Strings and harp combine, bearing a harmonious healing quality on EP closer TO FEEL ALIVE. Kali is enthused that her connection to her ex is entirely severed now, with no chance for reattachment, ‘I love the smell of you burnin’ your last bridge with me/ I love it, yeah, I love it/ I love it, yeah, I love it’. Like most women, Kali was conditioned as a young girl to be grateful for and good to her man, no questions asked, ‘and I was raised to give my thanks and hold my baby down (Hold you down)’.
A young woman now, Kali knows that she could never truly fulfil this ideal, as it is staunched in patriarchal fantasy, and as such, she knows that even if she were docile in nature, her proposed docility could never live up to the fantasy, ‘cause it’s never enough, never enough’. This isn’t the only patriarchal ideal Kali is resistant to. She also disengages with the ideal that her value is determined by how well she mirrors the patriarchal models of what a woman should be.
Kali refuses to operate within the mould of these models because they don’t serve her sense of self, ‘I’ve never been a Saint, baby, how does a sinner taste?’. Kali will not let the patriarchy weaponise her beauty to reduce her to a two dimensional, vapid version of herself, ‘I’m not the perfect pretty girl up on the magazine/ With no opinions’. Most of all, Kali is keenly aware that the patriarchy would praise her for being strong and silent, ‘she’ll never show her heart and they’ll all call her brave’. Knowing that her emotional suppression would serve the patriarchy’s systematic oppression of women, Kali couldn’t care less about the pressure to be complicit, ‘how can I give a damn when I don’t give a fuck?’.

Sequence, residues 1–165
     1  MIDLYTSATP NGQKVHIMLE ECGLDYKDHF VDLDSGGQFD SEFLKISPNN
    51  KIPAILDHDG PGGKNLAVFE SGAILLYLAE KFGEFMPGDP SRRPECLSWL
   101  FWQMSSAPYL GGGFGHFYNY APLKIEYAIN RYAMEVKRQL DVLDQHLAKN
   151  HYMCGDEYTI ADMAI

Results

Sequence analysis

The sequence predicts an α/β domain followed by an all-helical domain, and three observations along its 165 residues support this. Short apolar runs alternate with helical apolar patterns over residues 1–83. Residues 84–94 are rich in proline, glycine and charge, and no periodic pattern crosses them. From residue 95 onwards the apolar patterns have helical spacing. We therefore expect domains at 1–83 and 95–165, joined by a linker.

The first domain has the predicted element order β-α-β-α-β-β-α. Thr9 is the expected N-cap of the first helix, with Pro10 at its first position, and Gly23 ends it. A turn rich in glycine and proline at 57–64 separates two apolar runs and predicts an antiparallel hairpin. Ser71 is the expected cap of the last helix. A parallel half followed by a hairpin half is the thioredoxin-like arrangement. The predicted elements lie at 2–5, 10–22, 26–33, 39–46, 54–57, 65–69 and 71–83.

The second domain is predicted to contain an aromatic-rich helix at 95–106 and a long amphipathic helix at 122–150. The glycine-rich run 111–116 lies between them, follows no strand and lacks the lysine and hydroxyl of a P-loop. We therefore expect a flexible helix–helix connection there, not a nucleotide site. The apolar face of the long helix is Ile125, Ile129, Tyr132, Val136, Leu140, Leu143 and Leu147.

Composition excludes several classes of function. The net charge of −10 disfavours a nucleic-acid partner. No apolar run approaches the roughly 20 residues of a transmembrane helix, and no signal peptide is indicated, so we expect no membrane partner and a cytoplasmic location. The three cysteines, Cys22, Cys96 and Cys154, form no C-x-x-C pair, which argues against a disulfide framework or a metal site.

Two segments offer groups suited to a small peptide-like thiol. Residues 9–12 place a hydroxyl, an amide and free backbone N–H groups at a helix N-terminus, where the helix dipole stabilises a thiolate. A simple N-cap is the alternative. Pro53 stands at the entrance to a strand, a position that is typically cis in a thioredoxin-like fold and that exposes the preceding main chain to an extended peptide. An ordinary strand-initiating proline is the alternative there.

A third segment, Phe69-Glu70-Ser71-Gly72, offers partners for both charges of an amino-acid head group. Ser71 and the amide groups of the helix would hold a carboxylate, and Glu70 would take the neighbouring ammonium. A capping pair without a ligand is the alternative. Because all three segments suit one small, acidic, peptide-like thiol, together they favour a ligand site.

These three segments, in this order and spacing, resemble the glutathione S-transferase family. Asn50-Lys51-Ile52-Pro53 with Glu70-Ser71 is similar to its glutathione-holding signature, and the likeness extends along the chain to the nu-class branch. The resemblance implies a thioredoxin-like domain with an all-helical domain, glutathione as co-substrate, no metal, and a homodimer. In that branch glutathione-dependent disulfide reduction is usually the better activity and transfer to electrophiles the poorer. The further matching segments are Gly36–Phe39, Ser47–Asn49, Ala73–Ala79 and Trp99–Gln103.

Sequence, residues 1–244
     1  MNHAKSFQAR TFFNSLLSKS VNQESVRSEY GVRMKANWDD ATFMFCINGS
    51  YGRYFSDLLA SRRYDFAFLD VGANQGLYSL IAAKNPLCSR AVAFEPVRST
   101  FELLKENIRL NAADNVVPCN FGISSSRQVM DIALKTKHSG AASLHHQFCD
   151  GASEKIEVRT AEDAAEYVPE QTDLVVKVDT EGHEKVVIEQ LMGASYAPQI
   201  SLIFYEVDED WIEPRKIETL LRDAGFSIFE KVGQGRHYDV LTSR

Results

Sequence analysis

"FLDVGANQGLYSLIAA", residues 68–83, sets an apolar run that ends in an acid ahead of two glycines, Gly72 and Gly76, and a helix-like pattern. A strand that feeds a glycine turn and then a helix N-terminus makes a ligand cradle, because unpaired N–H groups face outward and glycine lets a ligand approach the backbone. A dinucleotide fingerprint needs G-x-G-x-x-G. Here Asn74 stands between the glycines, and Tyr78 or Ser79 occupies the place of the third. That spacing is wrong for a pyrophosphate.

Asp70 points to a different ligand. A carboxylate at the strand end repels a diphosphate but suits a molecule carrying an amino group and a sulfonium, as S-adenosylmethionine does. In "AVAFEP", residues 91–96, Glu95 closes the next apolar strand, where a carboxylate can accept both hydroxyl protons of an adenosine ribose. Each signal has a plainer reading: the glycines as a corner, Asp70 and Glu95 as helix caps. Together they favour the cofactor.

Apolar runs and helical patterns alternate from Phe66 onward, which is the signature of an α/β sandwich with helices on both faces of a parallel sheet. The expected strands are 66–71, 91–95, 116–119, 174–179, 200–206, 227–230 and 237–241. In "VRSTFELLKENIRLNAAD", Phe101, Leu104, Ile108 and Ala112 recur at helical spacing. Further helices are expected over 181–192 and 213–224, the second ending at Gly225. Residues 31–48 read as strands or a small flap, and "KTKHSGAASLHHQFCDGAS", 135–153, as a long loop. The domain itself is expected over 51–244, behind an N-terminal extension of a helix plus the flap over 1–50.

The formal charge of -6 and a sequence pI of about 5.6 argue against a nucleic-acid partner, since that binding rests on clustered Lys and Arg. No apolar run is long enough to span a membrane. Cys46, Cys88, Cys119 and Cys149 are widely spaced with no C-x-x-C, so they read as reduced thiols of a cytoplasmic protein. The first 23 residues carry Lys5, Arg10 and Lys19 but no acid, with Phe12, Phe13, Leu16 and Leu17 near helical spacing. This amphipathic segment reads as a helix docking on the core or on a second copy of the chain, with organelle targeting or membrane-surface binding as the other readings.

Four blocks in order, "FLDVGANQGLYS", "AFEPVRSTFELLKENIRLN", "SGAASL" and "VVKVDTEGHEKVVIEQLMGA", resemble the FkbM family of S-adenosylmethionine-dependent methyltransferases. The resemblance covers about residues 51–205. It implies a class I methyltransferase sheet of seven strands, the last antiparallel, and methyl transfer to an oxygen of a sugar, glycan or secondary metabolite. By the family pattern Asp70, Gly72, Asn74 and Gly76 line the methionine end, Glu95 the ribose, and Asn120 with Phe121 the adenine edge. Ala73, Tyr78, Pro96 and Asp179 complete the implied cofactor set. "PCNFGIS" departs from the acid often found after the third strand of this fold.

Quarantine, the loss of connections before their time, ‘I miss my family, things will never be the same,’ and collective emotional anguish at the systemic oppression of Black persons, has induced a numbing agent with seemingly irreversible effects worldwide. More than any external connection or love could serve her, Kali’s commitment to being connected to her most authentic self, and thus, her most authentic love, ‘all of the things I’ve lost, all I can do is love’, arrests the aforementioned numbing agents – if only for a short time – emboldening her music, and her listeners, like never before.